Setting Correct Clamp Tonnage in Injection Molding

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Injection Molders need to check their clamp tonnage.

How much tonnage are you using?  How did you get there?  Are you setting clamp tonnage based on the mold or the machine?  Just because you are running in a 500-ton press doesn’t mean you should be clamping to 500 tons. 

To properly calculate necessary clamp tonnage, you must first know the projected area of the molded part/s plus any runners.  Area can be calculated by multiplying length times width,   A = L x W  or A=πr2.

 After calculating the projected area in square inches, you will need to know the material used to produce the molded part.  High flow materials like Polystyrene (PS), Polyethylene (PE) and Polypropylene (PP) require less tonnage to hold the mold closed than stiffer materials like filled Nylon (PA) and Polysulphone (PSU).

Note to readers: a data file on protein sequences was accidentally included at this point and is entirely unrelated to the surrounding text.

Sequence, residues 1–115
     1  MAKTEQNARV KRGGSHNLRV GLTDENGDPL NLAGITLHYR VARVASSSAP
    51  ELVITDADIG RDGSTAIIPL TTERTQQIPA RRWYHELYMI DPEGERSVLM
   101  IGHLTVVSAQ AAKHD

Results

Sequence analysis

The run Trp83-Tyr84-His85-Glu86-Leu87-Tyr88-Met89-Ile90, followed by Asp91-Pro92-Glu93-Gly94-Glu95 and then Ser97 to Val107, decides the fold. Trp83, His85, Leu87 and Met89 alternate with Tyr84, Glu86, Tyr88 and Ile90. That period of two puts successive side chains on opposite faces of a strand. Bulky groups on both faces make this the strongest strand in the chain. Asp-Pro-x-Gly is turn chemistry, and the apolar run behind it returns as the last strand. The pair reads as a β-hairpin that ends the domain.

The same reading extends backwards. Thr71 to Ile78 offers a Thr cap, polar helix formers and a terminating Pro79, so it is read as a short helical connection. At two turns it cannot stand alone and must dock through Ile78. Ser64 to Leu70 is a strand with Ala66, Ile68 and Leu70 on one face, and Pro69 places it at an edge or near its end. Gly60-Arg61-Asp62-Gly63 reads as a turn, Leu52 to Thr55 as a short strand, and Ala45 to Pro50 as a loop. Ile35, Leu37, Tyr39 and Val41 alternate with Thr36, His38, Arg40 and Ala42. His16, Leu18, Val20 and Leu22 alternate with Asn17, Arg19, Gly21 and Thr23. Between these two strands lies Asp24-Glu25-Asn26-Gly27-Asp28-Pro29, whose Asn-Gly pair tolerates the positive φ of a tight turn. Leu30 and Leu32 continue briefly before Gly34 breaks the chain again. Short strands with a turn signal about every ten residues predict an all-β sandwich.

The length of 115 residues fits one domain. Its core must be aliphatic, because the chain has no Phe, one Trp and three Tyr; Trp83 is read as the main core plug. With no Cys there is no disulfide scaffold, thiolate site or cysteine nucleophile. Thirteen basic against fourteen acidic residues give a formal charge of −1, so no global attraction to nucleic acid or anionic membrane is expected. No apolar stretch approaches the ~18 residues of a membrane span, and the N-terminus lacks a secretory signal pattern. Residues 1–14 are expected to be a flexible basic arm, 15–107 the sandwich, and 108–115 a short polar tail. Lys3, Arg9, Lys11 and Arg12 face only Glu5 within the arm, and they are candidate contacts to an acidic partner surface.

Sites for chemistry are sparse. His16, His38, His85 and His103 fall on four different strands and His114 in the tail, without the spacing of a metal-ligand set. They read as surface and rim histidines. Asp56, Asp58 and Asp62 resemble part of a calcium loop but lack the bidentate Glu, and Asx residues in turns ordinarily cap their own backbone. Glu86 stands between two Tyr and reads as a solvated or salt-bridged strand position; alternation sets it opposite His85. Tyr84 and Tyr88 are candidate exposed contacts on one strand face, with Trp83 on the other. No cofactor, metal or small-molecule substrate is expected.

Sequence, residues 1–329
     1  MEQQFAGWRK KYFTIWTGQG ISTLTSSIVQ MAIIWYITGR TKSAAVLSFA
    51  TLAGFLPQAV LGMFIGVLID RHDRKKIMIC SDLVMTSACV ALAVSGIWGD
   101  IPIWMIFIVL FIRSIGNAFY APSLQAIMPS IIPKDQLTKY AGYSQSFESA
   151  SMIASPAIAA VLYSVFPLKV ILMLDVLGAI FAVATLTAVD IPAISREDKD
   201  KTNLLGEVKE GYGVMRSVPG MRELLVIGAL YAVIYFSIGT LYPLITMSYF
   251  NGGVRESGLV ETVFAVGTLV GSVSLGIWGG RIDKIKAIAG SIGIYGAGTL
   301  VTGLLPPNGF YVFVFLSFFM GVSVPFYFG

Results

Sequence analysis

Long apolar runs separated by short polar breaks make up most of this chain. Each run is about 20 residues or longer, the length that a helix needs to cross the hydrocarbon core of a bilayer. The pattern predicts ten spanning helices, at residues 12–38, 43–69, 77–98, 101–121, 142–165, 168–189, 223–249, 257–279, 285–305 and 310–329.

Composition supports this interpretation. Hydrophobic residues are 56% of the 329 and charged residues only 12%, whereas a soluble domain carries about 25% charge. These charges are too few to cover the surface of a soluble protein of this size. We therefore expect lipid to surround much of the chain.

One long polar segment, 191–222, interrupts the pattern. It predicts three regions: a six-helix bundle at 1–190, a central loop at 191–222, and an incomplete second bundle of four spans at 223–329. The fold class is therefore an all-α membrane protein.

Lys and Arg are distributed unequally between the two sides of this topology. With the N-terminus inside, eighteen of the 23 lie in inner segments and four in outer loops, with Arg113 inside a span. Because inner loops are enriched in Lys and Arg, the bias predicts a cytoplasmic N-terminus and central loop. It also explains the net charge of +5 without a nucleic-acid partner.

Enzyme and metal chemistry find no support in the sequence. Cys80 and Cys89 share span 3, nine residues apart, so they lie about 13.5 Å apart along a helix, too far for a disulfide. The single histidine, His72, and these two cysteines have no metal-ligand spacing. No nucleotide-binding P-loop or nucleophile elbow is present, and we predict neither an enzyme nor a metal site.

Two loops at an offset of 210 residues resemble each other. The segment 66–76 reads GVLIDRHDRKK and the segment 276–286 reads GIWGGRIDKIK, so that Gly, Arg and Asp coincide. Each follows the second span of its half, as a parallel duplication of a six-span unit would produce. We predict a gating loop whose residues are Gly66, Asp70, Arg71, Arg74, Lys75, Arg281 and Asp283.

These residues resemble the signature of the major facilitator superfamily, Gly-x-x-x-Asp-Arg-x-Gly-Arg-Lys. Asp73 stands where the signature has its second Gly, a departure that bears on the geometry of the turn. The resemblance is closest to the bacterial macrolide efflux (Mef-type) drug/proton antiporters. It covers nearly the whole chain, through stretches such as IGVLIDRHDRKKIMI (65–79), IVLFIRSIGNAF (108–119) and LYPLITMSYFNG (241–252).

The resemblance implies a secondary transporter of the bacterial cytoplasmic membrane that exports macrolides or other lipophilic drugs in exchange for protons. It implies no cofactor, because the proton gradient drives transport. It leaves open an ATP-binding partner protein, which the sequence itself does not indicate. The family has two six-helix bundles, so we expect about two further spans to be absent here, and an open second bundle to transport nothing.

Your material supplier can provide you with the required tonnage needed per square inch to mold their product.  For the higher flow materials like PS, PE and PP that generally falls into the 2-3 tons per square inch range.  The lower flow materials like PA, PC and PSU fall into the 3-5 square inch range.

Now you can calculate necessary tonnage based on the projected area times the clamp factor for the material used.  T = A x cf.  For example, the projected area of the molded part is 150 sq/in times a clamp factor of 3 (tonnage needed/square inch from material data sheet).  150 x 3 = 450 tons needed.

If you are running in a 500-ton press, try starting at 450 tons.  The lower tonnage will be easier on the whole mold, especially the parting line and vents.  The vents will last longer between PM’s, and you may just save a little money.   

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Topics: Troubleshooting, Injection Molding, Hot Runners, color contamination, carbon contamination, shutdowns, shutdown and sealing, preventative purging, value added, Preventative Maintenance, high cavitation injection molding

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